There are moments for reflection throughout the calendar year. Black History Month is certainly one of them. Not so coincidentally to some, it’s the shortest month.
With inspiration found on a racially integrated farm in the 1940s, Habitat for Humanity has strived to realize a vision where every citizen has a decent, affordable place to live. At Habitat for Humanity of Hillsborough County, this starts here in our community.
As recently as 2020, we’d prepared a wealth gap statement to bring awareness to wealth disparities in our community. It’s not surprising that we, like much of the nation, have work to do. For example, we found nearly one-third of Black renters in Tampa pay more than half of their income on housing — higher than any other racial or ethnic group — leaving little in the budget for food, health care, transportation or savings.
Similarly, the gap in homeownership rates between white families (71.9%) and Black families (41.8%) significantly contributes to the wealth gap. Homeownership continues to be the primary mechanism that American families use to build wealth.
In 2021, Hillsborough County government engaged MGT Consulting to produce a community equity profile, which included citizen input. The March 2022 report revealed that “the intersection between economic opportunity and affordable housing was the most frequent intersection invoked during the community engagement.” It further showed that “affordable housing and access to aid programs are the community’s number one concern, but this frequently intersects with county communication and accountability.” Therefore, any new programs must evaluate what types of community engagement provide the appropriate information to create programs that will be utilized for the greatest impact.
On average, Black households started the COVID-19 crisis with higher housing cost burdens, lower accumulated savings and fewer assets that could be liquidated to provide a financial cushion during the shock. These “preexisting conditions” left Black households more economically vulnerable to job losses caused by COVID-19. The result is a greater threat of housing loss during this crisis, stress and negative impacts on children’s school performance.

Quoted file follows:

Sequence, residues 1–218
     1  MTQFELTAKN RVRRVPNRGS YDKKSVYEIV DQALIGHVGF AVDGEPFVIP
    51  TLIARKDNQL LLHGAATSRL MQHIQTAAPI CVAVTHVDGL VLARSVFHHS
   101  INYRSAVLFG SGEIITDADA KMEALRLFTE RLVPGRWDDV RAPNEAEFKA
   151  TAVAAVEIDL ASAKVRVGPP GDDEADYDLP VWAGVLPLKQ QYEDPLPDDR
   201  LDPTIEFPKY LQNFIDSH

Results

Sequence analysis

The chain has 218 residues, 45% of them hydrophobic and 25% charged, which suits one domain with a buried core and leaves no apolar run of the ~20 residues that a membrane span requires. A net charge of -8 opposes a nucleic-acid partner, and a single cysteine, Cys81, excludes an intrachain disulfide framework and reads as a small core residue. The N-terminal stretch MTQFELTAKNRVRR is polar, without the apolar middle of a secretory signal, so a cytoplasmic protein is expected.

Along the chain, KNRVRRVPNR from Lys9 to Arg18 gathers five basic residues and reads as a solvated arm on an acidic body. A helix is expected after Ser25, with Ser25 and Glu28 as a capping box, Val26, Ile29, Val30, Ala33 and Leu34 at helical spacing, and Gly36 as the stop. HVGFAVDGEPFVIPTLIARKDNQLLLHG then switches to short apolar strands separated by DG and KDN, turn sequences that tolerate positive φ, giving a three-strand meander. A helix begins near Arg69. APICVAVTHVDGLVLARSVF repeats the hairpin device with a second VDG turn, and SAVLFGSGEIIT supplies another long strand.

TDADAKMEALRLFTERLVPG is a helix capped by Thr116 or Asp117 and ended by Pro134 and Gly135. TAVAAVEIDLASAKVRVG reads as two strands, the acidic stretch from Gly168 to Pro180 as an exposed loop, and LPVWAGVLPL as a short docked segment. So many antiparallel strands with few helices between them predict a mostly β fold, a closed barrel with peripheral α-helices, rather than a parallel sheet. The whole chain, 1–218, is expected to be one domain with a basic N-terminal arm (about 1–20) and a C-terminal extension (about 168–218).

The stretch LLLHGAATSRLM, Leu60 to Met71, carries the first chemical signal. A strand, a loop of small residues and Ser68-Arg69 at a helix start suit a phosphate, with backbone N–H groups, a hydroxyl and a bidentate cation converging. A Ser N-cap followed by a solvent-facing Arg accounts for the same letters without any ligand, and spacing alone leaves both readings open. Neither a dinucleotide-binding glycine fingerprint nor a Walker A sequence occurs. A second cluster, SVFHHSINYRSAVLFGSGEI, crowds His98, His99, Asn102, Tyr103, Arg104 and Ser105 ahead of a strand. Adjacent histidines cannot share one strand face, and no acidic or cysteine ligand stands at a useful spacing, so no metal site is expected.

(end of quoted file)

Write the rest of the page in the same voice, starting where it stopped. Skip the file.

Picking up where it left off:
Hillsborough County and Tampa elected officials can play a role in promoting wealth-building opportunities for minority families through a variety of public policies. When making allocations of housing-related funds, elected officials should carefully consider homeownership’s role in wealth building.
The extent to which Black people participate in homeownership will be impacted by local housing policies and funding allocations. Elected officials should consider the positive role they can play in promoting homeownership wealth building and should correspondingly ensure that a considerable portion of housing funding is aimed at homeownership.
Given our history of local, state and federal policies that significantly (and often intentionally) disadvantaged Black people, their families and communities, and given the clear housing disparities that persist, governments at all levels have an obligation to correct the harm and narrow these divides.
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Below are some broadly accepted housing policy solutions that would begin to help address the needs of the people of Hillsborough County in the 21st century:
* Increase opportunities for Black homeownership.
* Invest in distressed, racially segregated communities to promote inclusive recovery.
* Stop perpetuating segregation: increase opportunities for Black households to rent and purchase homes in communities of opportunity.
* Invest in affordable rental housing.
* Minimize the damage and compounding effect of COVID-19 for Black households.
Habitat for Humanity invites volunteers, donors, partners and policymakers of all backgrounds to join us in raising our voices in support of housing and land-use policy reforms that increase racial equity and can help our communities heal.
Tina Forcier is chief executive officer of Hillsborough County Habitat for Humanity.